Please note: Data values previously published are subject to revision. For more information, refer to the vintage series in ALFRED®.
Financial market stress fell in the latest reporting week. For the week ending Sept. 30, the St. Louis Fed Financial Stress Index (STLFSI) measured -1.155, down from the previous week’s revised value of -1.048 and the fourth decline in the past five weeks. Zero represents normal financial stress.
Over the past week, 15 of the 18 indicators contributed negatively to the weekly change in the index, two more than the previous week. The two largest negative contributions were made by the yield difference between the three-month commercial paper rate and the three-month Treasury bill (CPS_3mo) and the Merrill Lynch Bond Market Volatility Index (Mlynch_BMVI_1mo). Three of the 18 indicators contributed positively to the weekly change in the index, one fewer than the previous week. The largest positive contribution was made by the Standard & Poor’s Financials Index (SP500_FI).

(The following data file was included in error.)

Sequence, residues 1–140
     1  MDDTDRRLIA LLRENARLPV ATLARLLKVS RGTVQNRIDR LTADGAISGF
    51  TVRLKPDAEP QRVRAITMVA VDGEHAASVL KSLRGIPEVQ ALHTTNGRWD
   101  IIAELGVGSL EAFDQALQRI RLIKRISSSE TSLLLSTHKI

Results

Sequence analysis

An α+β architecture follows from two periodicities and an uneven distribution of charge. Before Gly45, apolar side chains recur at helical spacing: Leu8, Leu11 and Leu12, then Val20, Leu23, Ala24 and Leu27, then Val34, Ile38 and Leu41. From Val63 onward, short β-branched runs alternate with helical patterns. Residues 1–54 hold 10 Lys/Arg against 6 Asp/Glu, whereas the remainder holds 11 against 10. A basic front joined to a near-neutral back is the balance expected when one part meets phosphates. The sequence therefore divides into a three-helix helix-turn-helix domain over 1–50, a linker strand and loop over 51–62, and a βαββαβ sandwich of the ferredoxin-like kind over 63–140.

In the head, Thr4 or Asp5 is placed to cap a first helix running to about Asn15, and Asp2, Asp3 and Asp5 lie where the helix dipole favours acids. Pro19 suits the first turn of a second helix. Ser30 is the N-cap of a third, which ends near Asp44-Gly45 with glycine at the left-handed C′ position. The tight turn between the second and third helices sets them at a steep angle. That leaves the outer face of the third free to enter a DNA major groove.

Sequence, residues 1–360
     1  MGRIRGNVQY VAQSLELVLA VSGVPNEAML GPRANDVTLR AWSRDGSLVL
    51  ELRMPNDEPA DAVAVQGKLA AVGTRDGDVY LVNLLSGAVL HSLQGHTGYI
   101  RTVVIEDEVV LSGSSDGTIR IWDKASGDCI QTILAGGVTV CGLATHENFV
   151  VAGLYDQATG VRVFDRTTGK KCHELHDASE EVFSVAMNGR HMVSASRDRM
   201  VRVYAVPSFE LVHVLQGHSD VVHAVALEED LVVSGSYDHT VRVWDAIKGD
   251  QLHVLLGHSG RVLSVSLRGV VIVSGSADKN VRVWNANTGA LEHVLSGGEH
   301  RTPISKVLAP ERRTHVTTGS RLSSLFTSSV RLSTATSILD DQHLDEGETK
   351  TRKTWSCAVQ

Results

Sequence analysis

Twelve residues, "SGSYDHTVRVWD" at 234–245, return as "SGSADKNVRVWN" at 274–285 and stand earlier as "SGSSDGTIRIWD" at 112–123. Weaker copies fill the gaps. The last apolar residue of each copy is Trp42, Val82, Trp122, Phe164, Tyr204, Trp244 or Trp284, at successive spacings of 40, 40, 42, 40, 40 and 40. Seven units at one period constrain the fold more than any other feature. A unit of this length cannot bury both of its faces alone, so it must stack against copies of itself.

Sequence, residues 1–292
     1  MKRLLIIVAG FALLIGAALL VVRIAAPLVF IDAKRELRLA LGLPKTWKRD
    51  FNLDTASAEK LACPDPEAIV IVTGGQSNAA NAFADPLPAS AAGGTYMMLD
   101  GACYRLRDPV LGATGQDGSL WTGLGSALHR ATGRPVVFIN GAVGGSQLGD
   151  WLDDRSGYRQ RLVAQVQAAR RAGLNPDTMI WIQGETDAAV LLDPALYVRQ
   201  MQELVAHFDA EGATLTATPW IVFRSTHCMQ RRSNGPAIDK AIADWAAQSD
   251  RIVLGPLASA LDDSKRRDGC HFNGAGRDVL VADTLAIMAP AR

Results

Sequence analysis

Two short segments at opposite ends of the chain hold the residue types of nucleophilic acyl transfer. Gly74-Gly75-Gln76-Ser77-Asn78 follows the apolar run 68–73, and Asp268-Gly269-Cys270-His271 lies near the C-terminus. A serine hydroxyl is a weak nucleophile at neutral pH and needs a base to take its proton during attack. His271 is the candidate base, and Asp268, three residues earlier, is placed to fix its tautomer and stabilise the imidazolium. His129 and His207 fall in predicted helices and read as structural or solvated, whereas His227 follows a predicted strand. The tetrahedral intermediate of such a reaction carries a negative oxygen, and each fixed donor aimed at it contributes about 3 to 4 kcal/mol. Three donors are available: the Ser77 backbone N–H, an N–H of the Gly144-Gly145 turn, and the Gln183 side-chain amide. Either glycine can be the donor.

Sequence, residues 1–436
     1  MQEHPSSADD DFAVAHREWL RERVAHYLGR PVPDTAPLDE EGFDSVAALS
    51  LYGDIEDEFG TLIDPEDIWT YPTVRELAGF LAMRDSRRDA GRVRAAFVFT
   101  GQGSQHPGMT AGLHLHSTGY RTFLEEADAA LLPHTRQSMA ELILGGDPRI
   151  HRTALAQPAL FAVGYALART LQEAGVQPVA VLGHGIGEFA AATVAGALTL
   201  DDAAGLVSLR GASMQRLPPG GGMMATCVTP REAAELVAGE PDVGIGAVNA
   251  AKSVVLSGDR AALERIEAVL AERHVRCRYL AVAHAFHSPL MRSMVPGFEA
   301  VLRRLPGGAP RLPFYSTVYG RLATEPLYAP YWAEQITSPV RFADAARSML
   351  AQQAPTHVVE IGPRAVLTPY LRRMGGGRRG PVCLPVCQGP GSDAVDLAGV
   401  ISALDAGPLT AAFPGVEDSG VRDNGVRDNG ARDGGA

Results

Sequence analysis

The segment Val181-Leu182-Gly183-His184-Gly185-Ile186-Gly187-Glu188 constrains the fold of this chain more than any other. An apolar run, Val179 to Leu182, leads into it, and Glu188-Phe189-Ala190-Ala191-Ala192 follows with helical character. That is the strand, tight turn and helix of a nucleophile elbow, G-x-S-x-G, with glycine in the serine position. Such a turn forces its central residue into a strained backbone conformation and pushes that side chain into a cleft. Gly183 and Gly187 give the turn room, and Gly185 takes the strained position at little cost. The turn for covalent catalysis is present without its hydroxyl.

Over the past year, 11 of the 18 indicators made a negative contribution to the index, the same number as the previous week. Like the previous week, the two largest negative contributions over the past year were made by the Chicago Board Options Exchange Market Volatility Index (VIX) and the yield on BAA-rated corporate bonds (BAA). Seven indicators made a positive contribution over the past year, also the same as the previous week. For the fifth consecutive week, the two largest positive contributions over the past year were made by the yield difference between the three-month Libor rate and the three-month Overnight Index Swap Rate (LiborOIS_3mo) and the difference between the three-month Treasury bill yield and the three-month Eurodollar rate (TED).
For an explanation of the 18 component variables in the STLFSI, refer to the STLFSI Key.